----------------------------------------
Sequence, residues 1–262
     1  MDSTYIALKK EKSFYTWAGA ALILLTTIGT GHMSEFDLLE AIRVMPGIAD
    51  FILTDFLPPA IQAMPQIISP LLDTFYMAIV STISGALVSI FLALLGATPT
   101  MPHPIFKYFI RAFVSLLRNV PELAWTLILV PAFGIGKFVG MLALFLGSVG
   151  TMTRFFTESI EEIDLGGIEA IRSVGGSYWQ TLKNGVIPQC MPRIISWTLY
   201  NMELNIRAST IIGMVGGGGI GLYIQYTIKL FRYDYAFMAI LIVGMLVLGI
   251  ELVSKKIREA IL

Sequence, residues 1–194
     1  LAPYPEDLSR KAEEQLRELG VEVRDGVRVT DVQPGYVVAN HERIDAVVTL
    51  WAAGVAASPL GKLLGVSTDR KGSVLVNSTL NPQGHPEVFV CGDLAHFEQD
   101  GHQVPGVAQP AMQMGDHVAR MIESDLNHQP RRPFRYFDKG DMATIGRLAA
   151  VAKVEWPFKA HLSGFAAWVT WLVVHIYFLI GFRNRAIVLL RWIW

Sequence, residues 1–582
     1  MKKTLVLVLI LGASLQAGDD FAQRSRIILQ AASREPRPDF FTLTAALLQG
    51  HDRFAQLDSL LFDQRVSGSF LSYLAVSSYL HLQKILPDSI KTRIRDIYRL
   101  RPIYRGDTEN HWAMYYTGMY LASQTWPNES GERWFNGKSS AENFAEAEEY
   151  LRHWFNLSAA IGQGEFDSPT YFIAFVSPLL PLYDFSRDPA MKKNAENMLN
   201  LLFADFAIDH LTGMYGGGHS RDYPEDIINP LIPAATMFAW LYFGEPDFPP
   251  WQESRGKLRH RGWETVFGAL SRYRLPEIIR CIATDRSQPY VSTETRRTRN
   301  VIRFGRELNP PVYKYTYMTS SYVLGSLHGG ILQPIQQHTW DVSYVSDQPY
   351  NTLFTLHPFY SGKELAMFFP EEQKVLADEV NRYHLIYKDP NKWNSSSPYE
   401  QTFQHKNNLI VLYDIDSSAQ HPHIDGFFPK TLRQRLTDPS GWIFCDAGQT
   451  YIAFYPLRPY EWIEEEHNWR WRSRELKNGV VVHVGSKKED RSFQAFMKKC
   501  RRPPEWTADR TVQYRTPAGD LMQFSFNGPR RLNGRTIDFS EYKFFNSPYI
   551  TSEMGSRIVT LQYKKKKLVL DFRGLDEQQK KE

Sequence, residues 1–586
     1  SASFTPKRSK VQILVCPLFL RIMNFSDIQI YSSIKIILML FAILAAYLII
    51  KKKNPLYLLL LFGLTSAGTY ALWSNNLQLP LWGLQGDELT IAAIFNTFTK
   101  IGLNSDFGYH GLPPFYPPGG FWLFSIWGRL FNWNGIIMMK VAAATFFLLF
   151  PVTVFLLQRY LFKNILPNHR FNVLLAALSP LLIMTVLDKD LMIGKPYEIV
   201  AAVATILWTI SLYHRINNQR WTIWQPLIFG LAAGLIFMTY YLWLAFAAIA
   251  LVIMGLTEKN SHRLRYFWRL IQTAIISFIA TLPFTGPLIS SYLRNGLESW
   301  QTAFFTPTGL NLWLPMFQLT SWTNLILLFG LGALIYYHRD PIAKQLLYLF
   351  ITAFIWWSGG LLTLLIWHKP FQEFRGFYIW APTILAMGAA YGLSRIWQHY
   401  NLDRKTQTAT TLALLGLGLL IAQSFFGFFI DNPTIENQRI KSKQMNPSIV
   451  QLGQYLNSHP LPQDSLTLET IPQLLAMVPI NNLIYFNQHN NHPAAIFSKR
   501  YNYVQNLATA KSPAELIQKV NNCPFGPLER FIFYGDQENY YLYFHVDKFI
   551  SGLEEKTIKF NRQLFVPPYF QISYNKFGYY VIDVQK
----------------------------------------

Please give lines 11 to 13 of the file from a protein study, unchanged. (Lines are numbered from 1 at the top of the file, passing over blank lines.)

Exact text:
   101  GHQVPGVAQP AMQMGDHVAR MIESDLNHQP RRPFRYFDKG DMATIGRLAA
   151  VAKVEWPFKA HLSGFAAWVT WLVVHIYFLI GFRNRAIVLL RWIW

Sequence, residues 1–582